Moonpig announces plans for stock market float

Online greeting cards business Moonpig has unveiled plans for a stock market listing in a move expected to value the firm at more than £1 billion.

The group, which also owns Geetz in the Netherlands, is aiming to join London’s main market in what will mark the first significant listing of the year.

Moonpig chairwoman and former WH Smith boss Kate Swann is helping oversee the potential listing, which is being planned to help the group capitalise on the surge in demand for online cards and gifts amid the pandemic.

The firm currently has 12.2 million customers and sends 46 million cards a year but is trying to position itself as a technology business, using customer data and predictive technology.

The cards and gifts market is worth £24 billion across the UK, Netherlands and Ireland, which is rapidly switching online.

Moonpig said only around 10% of card purchases were made online in 2019, which is forecast to double to 20% by 2021.

Moonpig Group chief executive Nickyl Raithatha said: “Moonpig Group’s mission is to create moments that matter, helping people to connect by sharing meaningful cards and gifts.

“This is more important now than perhaps ever before.

“We have built a technology platform that harnesses data-science and AI at every point of our customers’ journey, making it as effortless as possible for them to be as thoughtful as possible.”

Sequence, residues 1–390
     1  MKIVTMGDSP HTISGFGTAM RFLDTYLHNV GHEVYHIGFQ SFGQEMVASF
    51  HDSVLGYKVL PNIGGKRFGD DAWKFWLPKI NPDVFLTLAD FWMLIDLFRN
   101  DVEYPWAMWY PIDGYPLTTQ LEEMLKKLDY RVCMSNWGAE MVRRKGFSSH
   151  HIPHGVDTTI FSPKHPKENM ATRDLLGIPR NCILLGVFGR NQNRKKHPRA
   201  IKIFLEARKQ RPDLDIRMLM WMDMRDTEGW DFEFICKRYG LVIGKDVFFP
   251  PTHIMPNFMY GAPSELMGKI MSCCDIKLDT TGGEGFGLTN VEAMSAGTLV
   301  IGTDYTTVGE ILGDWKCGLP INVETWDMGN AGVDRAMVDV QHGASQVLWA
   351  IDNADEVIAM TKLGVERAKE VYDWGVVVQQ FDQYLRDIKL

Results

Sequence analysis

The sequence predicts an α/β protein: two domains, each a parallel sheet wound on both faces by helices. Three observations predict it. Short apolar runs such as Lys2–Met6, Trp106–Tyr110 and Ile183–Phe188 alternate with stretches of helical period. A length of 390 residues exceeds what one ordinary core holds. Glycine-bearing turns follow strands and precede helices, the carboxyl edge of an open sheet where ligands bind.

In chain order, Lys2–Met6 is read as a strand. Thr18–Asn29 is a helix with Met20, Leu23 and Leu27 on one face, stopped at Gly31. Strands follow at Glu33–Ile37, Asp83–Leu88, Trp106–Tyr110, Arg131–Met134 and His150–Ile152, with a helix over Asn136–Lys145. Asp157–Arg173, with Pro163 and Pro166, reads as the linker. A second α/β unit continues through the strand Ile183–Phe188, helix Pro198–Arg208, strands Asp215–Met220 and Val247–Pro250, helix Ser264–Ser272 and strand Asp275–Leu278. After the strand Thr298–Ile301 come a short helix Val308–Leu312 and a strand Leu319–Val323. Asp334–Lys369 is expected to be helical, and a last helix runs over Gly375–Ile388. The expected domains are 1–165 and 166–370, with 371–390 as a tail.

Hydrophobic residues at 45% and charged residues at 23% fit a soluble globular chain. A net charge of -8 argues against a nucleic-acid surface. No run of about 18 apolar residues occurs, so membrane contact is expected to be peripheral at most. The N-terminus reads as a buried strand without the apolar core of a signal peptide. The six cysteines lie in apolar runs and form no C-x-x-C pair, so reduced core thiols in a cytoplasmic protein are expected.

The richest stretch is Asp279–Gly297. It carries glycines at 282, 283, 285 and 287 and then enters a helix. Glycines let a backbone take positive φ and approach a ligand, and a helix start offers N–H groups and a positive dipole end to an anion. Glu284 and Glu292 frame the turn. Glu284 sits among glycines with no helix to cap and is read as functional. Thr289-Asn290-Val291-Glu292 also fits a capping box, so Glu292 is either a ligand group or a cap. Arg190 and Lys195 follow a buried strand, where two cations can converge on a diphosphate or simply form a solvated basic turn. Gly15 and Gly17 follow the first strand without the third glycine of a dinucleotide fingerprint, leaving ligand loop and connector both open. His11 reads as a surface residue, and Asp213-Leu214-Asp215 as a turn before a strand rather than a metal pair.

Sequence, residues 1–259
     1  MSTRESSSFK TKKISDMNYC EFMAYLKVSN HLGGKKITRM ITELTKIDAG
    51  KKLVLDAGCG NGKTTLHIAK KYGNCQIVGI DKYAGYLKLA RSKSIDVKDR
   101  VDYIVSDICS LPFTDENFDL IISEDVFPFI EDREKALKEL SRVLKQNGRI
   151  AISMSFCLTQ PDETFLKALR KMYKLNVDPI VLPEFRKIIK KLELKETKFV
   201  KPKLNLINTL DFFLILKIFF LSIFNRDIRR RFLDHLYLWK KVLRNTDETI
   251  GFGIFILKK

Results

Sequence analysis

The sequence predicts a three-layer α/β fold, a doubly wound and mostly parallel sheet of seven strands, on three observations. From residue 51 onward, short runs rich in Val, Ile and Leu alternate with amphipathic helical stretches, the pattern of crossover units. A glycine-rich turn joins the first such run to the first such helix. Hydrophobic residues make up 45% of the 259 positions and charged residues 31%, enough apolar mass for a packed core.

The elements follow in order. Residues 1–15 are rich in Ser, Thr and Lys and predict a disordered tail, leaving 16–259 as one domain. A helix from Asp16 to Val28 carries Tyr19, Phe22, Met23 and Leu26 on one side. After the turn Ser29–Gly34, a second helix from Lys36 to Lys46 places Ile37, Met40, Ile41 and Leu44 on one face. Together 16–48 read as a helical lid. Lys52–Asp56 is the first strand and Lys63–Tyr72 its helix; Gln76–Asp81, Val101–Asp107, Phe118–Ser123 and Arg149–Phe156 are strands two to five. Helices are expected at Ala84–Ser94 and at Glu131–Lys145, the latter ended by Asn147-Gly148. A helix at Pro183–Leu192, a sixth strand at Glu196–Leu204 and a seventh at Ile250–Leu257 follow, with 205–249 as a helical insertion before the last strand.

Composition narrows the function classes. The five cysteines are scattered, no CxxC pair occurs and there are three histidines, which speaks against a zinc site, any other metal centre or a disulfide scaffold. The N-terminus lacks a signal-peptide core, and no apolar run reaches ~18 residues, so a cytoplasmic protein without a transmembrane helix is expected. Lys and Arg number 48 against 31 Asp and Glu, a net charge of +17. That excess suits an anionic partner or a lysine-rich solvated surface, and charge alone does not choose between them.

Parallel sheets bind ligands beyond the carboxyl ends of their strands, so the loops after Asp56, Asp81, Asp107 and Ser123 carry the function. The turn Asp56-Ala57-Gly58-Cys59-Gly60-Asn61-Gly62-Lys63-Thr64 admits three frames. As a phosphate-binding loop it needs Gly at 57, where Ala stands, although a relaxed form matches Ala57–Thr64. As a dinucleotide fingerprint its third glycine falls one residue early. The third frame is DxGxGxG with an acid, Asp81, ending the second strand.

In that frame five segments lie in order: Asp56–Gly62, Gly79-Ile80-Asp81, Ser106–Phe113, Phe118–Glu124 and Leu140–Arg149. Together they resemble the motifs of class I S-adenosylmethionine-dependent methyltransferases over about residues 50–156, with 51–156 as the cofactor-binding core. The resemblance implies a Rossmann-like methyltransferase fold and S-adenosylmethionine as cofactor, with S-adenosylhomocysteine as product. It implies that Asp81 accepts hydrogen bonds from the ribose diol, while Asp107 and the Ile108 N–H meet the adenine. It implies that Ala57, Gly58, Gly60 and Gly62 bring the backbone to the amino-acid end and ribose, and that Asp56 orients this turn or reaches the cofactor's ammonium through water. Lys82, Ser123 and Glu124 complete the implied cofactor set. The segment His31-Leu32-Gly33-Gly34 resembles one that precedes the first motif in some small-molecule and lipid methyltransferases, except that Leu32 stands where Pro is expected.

Ms Swann, chairwoman of Moonpig Group, said: “The board is confident that Moonpig Group is well positioned to capitalise on its first mover advantage in the online card market and continue its strong momentum in the gifting segment, benefit from the continued human need for connections, and cycle-resilient customer spend on gifts and cards.”

Bosses hope harvesting customer data will help remind them of birthdays and cash in on additional gifts, including flowers – it is one of the UK’s top five florists.

The move comes in the same month that rival Paperchase said it is looking at bringing in administrators due to plunging sales, putting 1,500 jobs at risk.

Moonpig by comparison has benefited from the lockdown, with families and friends turning to gifts and cards to help get through long periods without contact.

The group has a 60% share of the online cards market in the UK and a 65% share in the Netherlands.

It made underlying earnings of £44.4 million in the year to April 30 on sales of £173.1 million, up 44% year-on-year.

In the half-year to October 31, it saw sales jump 135% to £155.9 million.

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